How to Make Bone Broth (& Why You Should)

We're deep in Winter.  I'm telling myself it's a great time to be a hermit, with early nights and pyjama days with kids on the weekend. Sounds dreamy, but really, I am just yearning for Sunshine.

And now with a head cold and a hankering to just stay in bed, my body is craving the goodness of immune boosting, collagen rich Bone Broth. 

Nutrition researchers Sally Fallon and Kaayla Daniel of the Weston A. Price Foundation explain that "bone broths contain minerals in forms that your body can easily absorb: calcium, magnesium, phosphorus, silicon, sulphur and others.  Bone broth is exceptionally high in the amino acids proline and glycine which are vital for healthy connective tissue (ligaments, joints, around organs) and may improve gut health and immunity."

I always have some on hand to add to our meals. After making a large batch, I ladel it into ice cubes trays and then freeze and pop them out for different meals.  

We invited Nutririonist, Danae Manolas, to share with you her favourite bone recipe.....enjoy x 

bone broth

What’s with all the hype around bone broth?

Well, first of all its delicious, but that's just the beginning.

Throughout history, homes around the world have had pots of bones brewing on a regular basis.  This is because it is cheap, easy to make, nourishing and full of wonderful health benefits to get hrough cold winters.

In recent years, bone broth has made a come back because it is rich in minerals and vitamins that may help to:
  • Boost immunity
  • Heal the gut
  • Protect joints
  • Anti-inflammatory 
  • Maintain healthy skin, hair and nails.
Because it is slow cooked for over 24hrs, nutrients are leeched out of the bones making it a great source of protein, calcium, magnesium, potassium, zinc, iron, Vitamins A, B, D and C. And the list goes on! So let’s face it, this stuff is good!

When it comes to maintaining skin health, the nutrient getting everyone’s attention in bone broth is collagen. Collagen is a protein found in our muscles, bones, skin, blood vessels, digestive system and tendons. It has numerous functions in the body, but one main function is that it is responsible for the elasticity, firmness and strength of our skin. Production of collagen naturally slows down with ageing, which is why we are seeing more ways to incorporate collagen into our diet to maintain healthy skin. 

In bone broth, the collagen in animal ligaments, bones and tendons are slowly boiled and broken down into gelatine, which is then easily absorbed into the body. Collagen contains all of the amino acids required to repair and strengthen connective tissue, helping to reduce the signs of ageing.

Ways to use Bone Broth;
Bone broth can be incorporated into your daily diet in many different ways whether just on its own or added to your favourite melas like this;
  • Add a teaspoon to a cup of warm water and drink it like a tea
  • Add broth to your spaghetti bolognese sauce
  • Add  broth to flavour your soup
  • Use it in stews, curries or warm dishes just like stock (the BEST stock!)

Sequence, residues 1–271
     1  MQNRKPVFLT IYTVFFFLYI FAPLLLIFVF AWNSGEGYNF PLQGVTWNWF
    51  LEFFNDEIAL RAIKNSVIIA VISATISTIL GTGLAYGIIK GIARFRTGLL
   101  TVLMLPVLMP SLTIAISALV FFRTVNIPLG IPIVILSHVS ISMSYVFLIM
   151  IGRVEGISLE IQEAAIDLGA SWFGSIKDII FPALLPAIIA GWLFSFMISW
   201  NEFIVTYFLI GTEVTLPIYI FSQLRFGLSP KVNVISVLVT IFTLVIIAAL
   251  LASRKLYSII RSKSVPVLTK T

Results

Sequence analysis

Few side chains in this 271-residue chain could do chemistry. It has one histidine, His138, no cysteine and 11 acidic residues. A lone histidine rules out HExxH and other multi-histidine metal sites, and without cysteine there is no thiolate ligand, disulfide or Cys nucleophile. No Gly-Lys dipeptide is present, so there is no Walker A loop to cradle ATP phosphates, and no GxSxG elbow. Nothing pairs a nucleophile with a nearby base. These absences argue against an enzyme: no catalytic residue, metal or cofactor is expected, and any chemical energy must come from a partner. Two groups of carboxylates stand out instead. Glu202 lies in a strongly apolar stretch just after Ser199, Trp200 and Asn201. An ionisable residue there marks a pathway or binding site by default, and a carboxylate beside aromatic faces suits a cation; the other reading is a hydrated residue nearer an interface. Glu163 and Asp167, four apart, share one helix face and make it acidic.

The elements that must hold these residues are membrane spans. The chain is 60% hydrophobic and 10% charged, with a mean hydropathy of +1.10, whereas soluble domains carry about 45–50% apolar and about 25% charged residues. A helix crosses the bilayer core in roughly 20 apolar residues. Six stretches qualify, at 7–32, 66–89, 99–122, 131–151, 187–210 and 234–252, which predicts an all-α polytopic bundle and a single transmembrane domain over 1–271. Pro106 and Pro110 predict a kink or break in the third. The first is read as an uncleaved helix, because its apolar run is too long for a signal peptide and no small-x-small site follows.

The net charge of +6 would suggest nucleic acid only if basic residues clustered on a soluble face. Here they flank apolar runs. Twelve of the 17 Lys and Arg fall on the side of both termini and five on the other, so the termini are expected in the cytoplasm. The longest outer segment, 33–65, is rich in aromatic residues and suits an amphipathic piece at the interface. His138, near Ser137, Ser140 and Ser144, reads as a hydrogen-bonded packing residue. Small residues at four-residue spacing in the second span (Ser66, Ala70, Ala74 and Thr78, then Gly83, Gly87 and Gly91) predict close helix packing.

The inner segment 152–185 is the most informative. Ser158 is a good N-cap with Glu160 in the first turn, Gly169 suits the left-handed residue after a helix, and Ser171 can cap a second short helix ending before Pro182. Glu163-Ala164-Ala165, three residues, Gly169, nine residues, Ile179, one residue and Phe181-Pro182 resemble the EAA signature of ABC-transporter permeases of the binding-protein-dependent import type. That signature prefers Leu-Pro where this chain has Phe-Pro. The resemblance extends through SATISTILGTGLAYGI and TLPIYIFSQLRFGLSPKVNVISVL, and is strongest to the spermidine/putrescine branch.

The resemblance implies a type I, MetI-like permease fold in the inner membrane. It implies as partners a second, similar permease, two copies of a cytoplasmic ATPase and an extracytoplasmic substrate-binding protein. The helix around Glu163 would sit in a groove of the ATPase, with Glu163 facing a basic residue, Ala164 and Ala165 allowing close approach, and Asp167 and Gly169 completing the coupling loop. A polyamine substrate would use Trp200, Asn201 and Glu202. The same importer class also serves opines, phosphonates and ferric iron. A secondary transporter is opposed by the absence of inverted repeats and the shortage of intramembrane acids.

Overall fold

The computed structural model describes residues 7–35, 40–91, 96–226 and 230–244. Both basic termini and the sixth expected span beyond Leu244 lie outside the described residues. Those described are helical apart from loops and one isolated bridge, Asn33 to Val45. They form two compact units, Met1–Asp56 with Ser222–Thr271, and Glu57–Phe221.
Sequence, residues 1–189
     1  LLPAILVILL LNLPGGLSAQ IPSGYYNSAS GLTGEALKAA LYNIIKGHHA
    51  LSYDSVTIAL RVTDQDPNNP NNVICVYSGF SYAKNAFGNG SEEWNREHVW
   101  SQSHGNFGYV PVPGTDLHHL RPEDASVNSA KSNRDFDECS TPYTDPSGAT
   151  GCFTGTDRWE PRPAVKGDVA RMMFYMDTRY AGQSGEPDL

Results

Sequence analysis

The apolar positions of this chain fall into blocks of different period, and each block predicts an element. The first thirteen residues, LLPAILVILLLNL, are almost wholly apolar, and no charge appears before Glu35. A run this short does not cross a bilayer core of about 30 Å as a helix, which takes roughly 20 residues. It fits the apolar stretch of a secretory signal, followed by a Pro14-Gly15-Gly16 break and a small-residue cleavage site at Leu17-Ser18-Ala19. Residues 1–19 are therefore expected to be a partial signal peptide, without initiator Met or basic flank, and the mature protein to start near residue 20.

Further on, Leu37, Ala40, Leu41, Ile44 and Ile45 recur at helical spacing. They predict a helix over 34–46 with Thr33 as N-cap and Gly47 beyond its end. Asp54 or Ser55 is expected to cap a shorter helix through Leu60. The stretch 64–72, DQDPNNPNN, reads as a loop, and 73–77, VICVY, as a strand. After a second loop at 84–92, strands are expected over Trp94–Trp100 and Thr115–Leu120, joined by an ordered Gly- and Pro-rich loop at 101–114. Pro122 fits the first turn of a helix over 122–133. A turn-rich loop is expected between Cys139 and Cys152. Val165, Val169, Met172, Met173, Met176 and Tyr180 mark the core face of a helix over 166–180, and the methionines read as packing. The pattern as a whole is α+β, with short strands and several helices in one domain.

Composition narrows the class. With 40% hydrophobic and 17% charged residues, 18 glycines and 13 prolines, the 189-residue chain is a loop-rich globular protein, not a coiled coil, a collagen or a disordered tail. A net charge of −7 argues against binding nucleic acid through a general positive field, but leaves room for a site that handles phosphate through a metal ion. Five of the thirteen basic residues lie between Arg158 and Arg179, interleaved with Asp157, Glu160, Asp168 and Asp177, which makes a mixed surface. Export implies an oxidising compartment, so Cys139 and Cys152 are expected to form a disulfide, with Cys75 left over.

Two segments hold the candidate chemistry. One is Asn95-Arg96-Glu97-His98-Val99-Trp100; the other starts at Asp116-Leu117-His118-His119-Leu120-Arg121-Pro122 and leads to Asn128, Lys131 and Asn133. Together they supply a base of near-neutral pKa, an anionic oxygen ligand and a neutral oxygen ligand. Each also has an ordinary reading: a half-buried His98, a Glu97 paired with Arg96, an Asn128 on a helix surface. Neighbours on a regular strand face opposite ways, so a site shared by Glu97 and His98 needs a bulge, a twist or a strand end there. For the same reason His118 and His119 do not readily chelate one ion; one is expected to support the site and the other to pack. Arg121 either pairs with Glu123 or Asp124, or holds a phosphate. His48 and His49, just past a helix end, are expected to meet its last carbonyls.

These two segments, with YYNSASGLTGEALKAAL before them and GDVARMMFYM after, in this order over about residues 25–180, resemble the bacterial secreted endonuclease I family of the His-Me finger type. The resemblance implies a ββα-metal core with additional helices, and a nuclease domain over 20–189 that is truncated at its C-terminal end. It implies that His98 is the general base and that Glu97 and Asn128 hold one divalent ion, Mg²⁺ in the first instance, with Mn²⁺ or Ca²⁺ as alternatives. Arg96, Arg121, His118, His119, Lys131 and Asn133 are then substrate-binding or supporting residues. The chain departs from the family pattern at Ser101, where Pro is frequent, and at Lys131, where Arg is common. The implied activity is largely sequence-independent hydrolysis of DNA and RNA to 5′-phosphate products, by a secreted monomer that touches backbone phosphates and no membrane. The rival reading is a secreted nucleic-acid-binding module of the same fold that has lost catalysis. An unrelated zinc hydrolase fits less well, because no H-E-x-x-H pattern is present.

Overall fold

• Make risotto using the broth and (soaked and cooked) rice
Bone broth has your skin elasticity covered from the inside, but there is so much more you can do to strengthen and plump your skin. Hydrating your skin with a moisturiser or serum that penetrates the top layers of the skin will help to reduce fine lines and keep the skin healthy and beautiful. Get some more tips on dealing with Dry Skin here and here

We’ve got you covered from the inside and out!

Check out this immune boosting bone broth recipe I’m loving at the moment. 

Bone Broth Ingredients

Prep Time: 15mins
Cook Time: 24-48hrs


1kg (approx - depending on pot size) organic beef bones (knuckles, knees, marrow bones)

5-10 organic chicken necks (or feet or carcass)
1 onion or leek
2 carrots stalks of celery
1/4 cup apple cider vinegar
2 or 3 cloves of garlic
Salt and pepper

Chilli and parsley

Immune boosting addition:
Shitake mushrooms (dried or fresh)
Fresh ginger
Fresh turmeric


1. Heat oven to 180 degrees and roast bones for 30-40mins. This really deepens the flavour.

2. While bones are roasting, roughly chop up all the veggies you are going to add.

3. Place roasted bones in a large pot, cover with cold water and add apple cider vinegar and bring to the boil. The apple cider vinegar helps to leech out the minerals from the bones.

4. Add all veggies and simmer on low for 24-48 hours, regularly skimming any foam that may build.

up. If you aren’t keen to keep it going over night, turn it off then start it again the next day.

5. Once you think it has had enough, let it cool, then strain the mix through a fine mesh strainer.

6. Put the liquid in the fridge to chill until a film of fat settles on top. Scrape it off and you can use  that the next time you roast potatoes.

Store your bone broth in the fridge for up to a week or in the freezer for up to 3 months.  

We'd love to hear your thoughts on bone broth, so free to comment below or share this article with a friend who needs some bone broth in their life x 

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